Do you allow the posting of content created by third parties on your website (e.g. videos, audio files, or even written comments)?  Do you run any on-line service where you collect information provided by third parties (whether that be a dating service, auction site or other classified service)?  If you do, you probably know that you are safe from copyright claims for infringing content that is posted by those who are not your employees or agents if you follow certain steps.  We have written about these steps to give you the "safe harbor" from copyright liability for "user-generated content" before.  The steps include requirements that you not encourage or profit from the infringing content, that you have terms of use for your service that forbid users from posting infringing content, and that you take down infringing content when you receive notice from copyright holders that it has been uploaded to your site or service by a third party.  To take advantage of this safe harbor from liability, services are required to register with the Copyright Office the name of someone in their company who can be served with "take-down notices" from copyright owners.  The process of registration is now proposed to be changed in a Notice of Proposed Rulemaking just issued by the Copyright Office.  Comments on this notice can be filed through November 28. Replies are due by December 27.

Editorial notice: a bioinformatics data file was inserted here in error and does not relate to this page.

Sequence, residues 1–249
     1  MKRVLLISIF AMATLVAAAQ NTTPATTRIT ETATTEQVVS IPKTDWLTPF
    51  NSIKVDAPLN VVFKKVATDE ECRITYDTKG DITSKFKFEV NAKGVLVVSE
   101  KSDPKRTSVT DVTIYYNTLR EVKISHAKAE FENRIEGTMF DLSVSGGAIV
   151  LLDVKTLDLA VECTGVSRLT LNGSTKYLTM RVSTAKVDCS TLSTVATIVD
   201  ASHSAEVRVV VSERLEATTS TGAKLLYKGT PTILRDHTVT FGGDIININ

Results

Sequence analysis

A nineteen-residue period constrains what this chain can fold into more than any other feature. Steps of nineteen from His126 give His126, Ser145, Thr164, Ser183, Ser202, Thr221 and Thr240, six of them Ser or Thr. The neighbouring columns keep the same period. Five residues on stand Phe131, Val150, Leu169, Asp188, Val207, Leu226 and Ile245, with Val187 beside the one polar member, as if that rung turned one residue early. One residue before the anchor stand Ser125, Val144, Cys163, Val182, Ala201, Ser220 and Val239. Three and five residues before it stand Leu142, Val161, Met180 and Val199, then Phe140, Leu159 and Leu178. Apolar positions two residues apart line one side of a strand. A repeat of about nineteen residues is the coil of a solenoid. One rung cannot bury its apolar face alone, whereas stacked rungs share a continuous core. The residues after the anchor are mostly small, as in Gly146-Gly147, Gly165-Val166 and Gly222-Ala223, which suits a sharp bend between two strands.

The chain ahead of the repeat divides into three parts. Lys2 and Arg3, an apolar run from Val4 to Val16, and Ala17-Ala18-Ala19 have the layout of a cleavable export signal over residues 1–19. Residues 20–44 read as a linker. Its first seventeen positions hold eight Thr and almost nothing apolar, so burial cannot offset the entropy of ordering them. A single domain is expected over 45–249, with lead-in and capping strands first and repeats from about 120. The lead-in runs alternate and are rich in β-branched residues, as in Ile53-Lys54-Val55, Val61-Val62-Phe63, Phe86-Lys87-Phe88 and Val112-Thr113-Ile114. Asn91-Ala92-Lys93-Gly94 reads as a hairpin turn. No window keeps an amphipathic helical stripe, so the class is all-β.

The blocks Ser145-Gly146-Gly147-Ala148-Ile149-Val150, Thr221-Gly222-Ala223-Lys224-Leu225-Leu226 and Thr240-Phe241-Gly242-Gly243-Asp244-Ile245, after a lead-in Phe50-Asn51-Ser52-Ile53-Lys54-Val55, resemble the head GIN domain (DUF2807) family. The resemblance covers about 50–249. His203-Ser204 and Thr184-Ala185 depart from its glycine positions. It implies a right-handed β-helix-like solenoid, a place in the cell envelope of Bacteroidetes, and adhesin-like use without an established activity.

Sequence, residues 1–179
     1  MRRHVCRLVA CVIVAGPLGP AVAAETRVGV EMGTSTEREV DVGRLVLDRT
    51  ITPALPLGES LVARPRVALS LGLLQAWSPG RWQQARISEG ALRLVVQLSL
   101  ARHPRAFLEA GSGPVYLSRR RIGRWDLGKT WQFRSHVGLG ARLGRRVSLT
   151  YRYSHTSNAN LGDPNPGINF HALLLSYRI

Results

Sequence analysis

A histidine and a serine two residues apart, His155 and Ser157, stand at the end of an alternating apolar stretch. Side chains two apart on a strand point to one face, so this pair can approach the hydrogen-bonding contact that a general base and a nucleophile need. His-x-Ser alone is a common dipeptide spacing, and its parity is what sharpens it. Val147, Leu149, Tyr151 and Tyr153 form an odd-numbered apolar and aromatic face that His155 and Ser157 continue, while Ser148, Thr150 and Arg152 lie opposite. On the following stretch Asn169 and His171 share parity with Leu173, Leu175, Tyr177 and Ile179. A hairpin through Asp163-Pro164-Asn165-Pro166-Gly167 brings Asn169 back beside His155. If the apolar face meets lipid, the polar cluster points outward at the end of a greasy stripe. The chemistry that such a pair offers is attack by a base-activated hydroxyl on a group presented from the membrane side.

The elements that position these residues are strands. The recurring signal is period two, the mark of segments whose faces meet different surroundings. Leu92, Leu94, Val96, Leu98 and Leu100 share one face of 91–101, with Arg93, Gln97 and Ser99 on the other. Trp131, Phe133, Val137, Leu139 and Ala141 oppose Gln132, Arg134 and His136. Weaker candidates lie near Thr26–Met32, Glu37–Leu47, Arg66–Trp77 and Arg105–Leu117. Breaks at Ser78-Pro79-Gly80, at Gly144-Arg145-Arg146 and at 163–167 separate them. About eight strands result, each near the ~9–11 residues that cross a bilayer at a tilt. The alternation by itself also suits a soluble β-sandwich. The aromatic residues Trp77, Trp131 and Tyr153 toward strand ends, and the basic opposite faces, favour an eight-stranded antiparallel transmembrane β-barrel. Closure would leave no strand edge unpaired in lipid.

The safe harbor was created by the Digital Millennium Copyright Act, adopted in 1998.  Since that time, the registration of agents to receive take-down notices has been governed by interim rules.  Services register by sending a paper form and a filing fee to the Copyright Office, and that information is manually entered by the Copyright Office into a list that is available on the Copyright Office website.  From experience, the time from the filing of such a registration to its appearance on the Copyright Office’s website can take several weeks or more.  The Copyright Office, in its Notice, states that it has done some informal checks on the information in its database of registered agents, and found that the list contains duplicate registrations, registrations for companies or sites that are no longer in operation (services are supposed to tell the Office when they stop their operations), and many outdated addresses (services are supposed to update their agents as employees change, but apparently they sometimes forget).  The NPRM proposes to move to an electronic registration system, which will automatically request a verification of the registered information on a regular basis.  In making this proposal, the Copyright Office asks for public comment on a number of issues.